What Is a Microgrid?
Microgrids are bespoke energy systems—each designed around the customer’s specific objectives considering both normal and islanded operations. Those objectives can be motivated by several factors, including increased electric reliability and resilience, enhanced power quality, decreasing electricity costs, integrating clean energy resources and powering remote communities.
Feasibility studies, along with engineering, design and business planning, are all common steps in the planning process. Ultimately, a high degree of specialized knowledge is required to justify these investments and support a microgrid’s development, which is why some states have worked to provide access to technical assistance for potential developers.
Although microgrids deliver electricity during outage events, they are much more sophisticated than back- up generators. While backup generators have grown in complexity and quality over the years, they remain exactly what their name implies: backup systems designed to run only during emergency situations.
By contrast, microgrids are designed to run continuously. During normal conditions, microgrids operate harmoniously while tied into the larger power grid, using distributed energy resources (DERs) to offset energy needs and reduce consumption from the local utility—not dissimilar conceptually from rooftop solar installations. Often microgrids will rely on “anchor” resources—in many cases, diesel- or natural gas-fired generators that can supply power on demand—which are complemented by a suite of other technologies, such as renewables and energy storage. The bulk of a microgrid’s operating life will take place as a supplement to normal grid operations.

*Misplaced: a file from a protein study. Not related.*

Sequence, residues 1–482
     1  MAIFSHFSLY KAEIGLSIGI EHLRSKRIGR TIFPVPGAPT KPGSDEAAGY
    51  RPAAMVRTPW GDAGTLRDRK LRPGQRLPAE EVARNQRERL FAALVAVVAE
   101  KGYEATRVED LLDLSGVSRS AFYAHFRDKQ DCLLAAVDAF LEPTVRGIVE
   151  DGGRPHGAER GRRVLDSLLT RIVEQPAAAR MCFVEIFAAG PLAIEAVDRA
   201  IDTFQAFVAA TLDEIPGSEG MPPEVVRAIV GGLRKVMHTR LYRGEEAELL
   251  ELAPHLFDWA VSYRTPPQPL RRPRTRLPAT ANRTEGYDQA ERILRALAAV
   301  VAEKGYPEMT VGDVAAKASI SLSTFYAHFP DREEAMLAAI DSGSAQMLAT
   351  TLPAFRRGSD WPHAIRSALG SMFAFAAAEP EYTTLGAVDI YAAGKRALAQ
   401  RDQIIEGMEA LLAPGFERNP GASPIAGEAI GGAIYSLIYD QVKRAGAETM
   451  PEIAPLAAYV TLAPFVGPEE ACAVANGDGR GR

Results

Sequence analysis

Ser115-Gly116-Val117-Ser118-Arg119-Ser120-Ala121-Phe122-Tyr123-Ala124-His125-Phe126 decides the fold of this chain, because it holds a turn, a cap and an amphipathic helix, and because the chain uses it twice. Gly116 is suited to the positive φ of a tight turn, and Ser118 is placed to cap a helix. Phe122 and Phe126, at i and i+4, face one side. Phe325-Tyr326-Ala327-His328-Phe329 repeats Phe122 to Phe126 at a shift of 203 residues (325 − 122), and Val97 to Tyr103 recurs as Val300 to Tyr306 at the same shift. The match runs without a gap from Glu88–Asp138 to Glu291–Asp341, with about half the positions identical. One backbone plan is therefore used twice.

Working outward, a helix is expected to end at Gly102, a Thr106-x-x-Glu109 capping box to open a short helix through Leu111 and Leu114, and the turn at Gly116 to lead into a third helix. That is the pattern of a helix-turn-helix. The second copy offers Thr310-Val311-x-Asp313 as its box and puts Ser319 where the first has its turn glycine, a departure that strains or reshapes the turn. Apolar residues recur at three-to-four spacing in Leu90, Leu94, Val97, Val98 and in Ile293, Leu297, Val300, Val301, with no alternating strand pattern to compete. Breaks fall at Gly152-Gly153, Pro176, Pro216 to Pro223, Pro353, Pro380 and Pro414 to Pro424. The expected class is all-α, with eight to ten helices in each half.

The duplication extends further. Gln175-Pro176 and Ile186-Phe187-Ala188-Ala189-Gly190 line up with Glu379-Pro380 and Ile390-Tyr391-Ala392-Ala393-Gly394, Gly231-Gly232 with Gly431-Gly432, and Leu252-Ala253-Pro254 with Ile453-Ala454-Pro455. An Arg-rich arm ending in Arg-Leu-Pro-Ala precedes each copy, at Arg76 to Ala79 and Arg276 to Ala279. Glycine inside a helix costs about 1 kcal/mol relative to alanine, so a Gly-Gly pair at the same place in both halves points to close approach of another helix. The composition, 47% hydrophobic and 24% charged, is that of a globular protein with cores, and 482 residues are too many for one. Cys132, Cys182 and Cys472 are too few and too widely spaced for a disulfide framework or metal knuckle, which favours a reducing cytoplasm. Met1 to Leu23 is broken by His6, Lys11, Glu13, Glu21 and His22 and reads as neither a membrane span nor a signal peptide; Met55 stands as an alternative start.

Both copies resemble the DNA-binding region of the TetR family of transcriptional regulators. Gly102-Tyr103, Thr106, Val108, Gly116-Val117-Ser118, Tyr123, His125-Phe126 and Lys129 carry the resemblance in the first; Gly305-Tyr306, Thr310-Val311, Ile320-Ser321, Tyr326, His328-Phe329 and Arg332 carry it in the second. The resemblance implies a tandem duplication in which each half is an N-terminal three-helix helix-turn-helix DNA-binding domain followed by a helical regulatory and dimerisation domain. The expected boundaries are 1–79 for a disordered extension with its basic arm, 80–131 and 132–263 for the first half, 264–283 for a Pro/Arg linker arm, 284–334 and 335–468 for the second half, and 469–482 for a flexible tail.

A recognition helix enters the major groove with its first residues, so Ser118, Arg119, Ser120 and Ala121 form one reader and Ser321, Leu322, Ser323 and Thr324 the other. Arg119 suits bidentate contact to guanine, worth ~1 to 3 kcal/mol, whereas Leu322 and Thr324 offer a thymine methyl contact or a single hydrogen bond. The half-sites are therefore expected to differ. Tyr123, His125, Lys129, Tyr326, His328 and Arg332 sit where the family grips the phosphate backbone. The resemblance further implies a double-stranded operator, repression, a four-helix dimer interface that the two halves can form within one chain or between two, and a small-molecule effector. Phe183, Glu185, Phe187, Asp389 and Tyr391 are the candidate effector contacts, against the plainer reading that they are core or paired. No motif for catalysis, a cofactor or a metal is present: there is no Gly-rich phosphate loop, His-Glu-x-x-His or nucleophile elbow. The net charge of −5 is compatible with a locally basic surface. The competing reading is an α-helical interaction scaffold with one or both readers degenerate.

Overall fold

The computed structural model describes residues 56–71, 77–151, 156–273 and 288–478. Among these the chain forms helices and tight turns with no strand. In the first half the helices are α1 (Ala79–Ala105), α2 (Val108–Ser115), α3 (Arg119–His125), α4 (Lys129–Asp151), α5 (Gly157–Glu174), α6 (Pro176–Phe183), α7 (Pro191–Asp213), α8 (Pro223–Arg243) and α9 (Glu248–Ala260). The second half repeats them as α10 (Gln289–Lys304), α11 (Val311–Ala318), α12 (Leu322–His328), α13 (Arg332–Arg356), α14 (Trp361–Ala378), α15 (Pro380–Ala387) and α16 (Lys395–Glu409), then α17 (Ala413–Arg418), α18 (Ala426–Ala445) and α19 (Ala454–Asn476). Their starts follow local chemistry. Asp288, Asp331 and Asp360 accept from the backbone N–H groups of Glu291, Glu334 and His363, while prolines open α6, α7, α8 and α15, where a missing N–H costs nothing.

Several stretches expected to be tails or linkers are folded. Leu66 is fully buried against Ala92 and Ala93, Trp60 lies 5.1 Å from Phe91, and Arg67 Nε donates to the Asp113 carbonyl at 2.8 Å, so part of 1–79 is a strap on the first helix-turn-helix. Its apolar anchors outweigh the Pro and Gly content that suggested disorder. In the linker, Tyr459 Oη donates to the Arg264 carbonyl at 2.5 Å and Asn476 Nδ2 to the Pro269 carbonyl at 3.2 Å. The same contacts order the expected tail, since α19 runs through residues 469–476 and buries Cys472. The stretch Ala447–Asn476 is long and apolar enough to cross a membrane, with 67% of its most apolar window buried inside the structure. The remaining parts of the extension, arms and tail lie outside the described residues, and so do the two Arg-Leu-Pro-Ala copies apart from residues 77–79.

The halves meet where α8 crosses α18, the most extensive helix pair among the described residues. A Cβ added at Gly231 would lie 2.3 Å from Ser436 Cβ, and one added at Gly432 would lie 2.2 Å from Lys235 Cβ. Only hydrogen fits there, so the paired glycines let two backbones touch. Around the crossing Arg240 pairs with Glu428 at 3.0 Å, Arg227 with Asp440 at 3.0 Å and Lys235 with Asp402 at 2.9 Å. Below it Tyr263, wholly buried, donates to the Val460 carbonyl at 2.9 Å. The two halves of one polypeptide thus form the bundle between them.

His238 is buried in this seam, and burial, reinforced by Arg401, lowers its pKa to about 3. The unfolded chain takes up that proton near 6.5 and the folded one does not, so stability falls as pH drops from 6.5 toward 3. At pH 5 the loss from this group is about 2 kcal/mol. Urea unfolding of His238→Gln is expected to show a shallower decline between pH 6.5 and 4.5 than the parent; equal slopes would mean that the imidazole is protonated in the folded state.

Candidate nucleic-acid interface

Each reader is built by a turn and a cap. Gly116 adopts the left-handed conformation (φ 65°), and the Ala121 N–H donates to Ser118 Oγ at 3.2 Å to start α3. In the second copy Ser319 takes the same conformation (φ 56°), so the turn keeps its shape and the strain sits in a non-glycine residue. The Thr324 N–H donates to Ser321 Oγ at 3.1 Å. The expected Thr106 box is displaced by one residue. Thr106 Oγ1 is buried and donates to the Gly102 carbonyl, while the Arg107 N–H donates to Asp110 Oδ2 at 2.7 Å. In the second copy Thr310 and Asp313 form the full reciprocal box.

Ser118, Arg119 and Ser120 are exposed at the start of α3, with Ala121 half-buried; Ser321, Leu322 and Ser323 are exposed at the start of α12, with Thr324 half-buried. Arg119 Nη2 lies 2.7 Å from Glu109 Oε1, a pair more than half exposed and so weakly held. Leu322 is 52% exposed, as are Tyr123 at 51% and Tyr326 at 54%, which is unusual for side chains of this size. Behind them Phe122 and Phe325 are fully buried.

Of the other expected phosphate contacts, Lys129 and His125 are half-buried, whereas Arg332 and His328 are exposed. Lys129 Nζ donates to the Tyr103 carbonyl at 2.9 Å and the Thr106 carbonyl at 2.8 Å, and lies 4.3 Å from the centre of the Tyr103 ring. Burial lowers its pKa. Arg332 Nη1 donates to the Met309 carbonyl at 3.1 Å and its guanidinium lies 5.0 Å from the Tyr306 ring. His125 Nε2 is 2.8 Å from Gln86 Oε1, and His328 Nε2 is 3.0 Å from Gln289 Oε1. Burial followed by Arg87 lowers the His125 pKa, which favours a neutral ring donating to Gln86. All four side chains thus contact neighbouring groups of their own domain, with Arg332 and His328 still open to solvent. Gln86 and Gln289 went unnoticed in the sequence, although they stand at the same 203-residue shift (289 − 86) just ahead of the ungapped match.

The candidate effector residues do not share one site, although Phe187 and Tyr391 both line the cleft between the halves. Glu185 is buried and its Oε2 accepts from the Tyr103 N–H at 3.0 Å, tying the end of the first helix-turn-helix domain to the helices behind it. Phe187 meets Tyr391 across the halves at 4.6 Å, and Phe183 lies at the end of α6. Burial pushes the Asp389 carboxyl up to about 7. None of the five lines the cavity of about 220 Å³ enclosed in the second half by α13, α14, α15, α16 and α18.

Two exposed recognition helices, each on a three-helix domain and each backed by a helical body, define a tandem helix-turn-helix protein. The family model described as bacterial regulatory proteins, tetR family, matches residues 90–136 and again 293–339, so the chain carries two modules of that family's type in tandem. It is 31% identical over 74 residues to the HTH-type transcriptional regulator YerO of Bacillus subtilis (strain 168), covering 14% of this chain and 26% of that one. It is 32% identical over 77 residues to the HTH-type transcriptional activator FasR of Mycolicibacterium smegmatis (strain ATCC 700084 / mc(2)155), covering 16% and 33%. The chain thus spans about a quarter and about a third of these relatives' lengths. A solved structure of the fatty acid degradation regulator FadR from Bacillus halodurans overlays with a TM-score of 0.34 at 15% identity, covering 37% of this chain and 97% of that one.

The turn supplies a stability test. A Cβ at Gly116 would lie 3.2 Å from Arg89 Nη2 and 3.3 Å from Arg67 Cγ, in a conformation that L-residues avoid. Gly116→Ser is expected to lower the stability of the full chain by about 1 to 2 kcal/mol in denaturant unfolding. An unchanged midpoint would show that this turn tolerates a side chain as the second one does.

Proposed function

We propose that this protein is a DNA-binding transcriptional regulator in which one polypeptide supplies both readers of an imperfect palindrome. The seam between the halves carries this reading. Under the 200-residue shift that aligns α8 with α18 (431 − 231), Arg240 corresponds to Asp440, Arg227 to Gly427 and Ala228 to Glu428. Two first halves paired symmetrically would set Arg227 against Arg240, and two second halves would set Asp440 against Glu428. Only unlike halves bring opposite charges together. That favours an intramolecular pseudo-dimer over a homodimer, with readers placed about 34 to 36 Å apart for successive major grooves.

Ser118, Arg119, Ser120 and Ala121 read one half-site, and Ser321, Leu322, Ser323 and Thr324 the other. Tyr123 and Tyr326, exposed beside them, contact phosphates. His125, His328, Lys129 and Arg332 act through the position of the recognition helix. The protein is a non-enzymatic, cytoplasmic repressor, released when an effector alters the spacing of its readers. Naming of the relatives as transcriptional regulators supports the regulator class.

However, when an outage does occur, the microgrid will disconnect from the larger grid to operate in “island-mode.” When islanded, the microgrid relies on its complement of DERs to supply various connected loads within the microgrid with electricity. The loads are often designated based on how critical they are, with the most important loads prioritized for uninterruptible service. Using this combination of generation and demand-side management, the microgrid can enable various degrees of redundancy and operational continuity on-site. When the outage ends, the microgrid will reconnect to the larger grid and resume harmonious operations.
Microgrid projects are designed to serve the needs of end customers, which can include businesses and organizations, government entities, utilities and residential customers. The exact design requirements can vary substantially between microgrids, depending on the loads, DERs and other motivating factors for developing a microgrid. For example, a microgrid developed to enhance operational resilience for emergency response services in a community will be driven primarily by public safety considerations. Meanwhile, a commercial or industrial microgrid will often have economic drivers, such as avoided losses in productivity through operational continuity during outages and revenue derived from competitive energy services markets during normal operations.
Additionally, microgrids can vary by scope and structure—from a single customer, single facility microgrid to one that covers the breadth of a college, medical or industrial campus, with multiple customers and multiple facilities. For the purposes of this issue brief, “microgrid developer” will be used broadly to include microgrid project development companies and microgrid owners and operators.
Components of a Microgrid
The devices and systems that require electricity within a microgrid’s footprint, usually divided into tiers to prioritize service from the highest priority to the lowest.
Distributed energy resources (DERs)
The power generation, energy storage and demand-side resources available to provide electric service to a microgrid.
The grid management system that controls the microgrid’s operations. These systems determine whether to disconnect or connect with the larger grid, maintain power balance while operating in island mode, and dispatch the available electricity to support load in order of priority.
Point of common coupling (PCC)
This is the point at which the microgrid connects and disconnects to the larger grid, also referred to as the point of interconnection.